Debt collectors are bound by strict rules when dealing with consumers and Texas officials accuse an Oklahoma of violating several of the.
Specifically, if you are trying to collect a debt, you can't tell the debtor you are a police officer or any kind of government official.
Texas Attorney General Greg Abbott has charged Patrick D. "Dylanâ€ White and his businesses - CASHMAX, Fed Cash, TOPCASH and Cash Service Center - with illegally misrepresenting itself as an official Dallas County government agency.
Abbott went to court and obtained an order against the
defendants, prohibiting them from continuing to distribute fraudulent mailings.
Abbott says White incorporated his firm under the name Federal Cash Advance of Oklahoma, LLC, and maintains offices in Dallas County.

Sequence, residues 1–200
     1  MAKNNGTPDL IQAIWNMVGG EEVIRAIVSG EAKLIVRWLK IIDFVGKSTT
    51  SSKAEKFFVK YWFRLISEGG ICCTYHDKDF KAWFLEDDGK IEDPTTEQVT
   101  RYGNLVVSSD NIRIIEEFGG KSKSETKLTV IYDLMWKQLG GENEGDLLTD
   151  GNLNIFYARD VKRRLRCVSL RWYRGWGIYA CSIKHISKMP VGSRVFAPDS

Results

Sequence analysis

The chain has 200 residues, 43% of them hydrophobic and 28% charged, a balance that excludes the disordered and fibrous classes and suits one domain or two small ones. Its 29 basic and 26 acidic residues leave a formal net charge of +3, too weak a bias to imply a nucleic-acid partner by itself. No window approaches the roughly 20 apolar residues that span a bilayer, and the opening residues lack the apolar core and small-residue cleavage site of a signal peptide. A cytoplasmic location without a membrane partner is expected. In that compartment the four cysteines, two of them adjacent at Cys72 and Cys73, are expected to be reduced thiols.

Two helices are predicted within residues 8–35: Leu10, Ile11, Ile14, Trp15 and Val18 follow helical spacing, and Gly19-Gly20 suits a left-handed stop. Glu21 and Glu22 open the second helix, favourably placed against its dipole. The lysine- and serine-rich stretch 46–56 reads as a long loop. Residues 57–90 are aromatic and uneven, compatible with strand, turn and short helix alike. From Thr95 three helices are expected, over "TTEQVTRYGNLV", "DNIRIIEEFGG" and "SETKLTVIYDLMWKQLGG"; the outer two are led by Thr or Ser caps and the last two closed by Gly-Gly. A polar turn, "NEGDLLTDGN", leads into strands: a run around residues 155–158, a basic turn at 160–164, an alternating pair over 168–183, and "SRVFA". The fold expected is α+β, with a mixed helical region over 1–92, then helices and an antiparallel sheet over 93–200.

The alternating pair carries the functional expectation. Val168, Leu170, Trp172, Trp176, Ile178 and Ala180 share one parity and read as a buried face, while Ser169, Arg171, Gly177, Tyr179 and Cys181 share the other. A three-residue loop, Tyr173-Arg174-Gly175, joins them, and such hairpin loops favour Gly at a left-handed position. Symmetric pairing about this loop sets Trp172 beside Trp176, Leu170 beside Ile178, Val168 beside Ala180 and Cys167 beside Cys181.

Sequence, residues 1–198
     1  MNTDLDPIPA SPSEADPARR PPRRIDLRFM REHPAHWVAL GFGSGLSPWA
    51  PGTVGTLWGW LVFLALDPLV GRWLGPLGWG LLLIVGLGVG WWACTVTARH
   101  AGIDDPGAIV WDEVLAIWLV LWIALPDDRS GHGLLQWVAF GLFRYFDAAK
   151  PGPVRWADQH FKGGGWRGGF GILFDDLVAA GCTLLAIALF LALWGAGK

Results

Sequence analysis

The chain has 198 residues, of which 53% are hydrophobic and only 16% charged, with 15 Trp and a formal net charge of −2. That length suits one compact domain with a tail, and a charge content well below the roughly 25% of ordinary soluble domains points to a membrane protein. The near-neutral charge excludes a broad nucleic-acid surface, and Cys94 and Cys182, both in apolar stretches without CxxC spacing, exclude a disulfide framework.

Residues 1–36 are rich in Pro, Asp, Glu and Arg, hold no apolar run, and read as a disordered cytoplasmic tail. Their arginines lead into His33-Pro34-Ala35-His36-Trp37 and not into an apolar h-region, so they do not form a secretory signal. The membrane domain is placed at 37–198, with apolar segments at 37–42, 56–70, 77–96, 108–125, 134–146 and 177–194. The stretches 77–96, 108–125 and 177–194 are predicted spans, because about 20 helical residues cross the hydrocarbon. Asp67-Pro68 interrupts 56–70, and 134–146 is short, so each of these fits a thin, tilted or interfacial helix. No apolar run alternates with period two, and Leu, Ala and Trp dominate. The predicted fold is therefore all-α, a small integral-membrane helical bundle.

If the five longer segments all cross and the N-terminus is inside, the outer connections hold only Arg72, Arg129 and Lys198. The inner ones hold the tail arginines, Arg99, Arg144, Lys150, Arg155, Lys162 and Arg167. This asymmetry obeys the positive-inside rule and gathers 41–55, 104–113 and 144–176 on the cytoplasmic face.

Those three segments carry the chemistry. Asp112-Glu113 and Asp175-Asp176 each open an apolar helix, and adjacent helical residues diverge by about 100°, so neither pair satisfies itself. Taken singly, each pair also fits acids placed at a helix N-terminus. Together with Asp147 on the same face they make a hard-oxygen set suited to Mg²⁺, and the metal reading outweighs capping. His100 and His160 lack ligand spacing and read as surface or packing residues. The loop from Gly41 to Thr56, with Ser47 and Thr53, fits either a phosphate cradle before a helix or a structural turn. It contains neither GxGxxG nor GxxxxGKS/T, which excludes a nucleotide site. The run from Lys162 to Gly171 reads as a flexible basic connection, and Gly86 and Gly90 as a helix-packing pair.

According to state investigators, the defendant sent deceptive collection letters to Texans with outstanding debts. The letters were delivered in envelopes that contained the Dallas County Clerk's forged signature and improperly bore the official seals of both the State of Texas and Dallas County.
Inside the envelopes, the defendant inserted notices of debt
collection that instructed recipients to call a telephone number, which
belonged to Federal Cash Advance's CASHMAX offices.
The notice letters illegally threatened criminal
prosecution, referenced a phony "case numberâ€ and cited fictitious criminal penalties
of up to five years in prison and heavy fines.
The Texas Finance Code prohibits debt collectors from threatening debtors with prison sentences. It also bans deceptive collection notices that improperly pressure debtors to pay their debts.
In addition, the federal Fair Debt Collection Practices Act also prevents debt collectors from misrepresenting themselves to debtors and otherwise engaging in abusive behavior.
The State is seeking court-ordered penalties of up to $20,000 per violation of the Texas Deceptive Trade Practices Act and the Finance Code.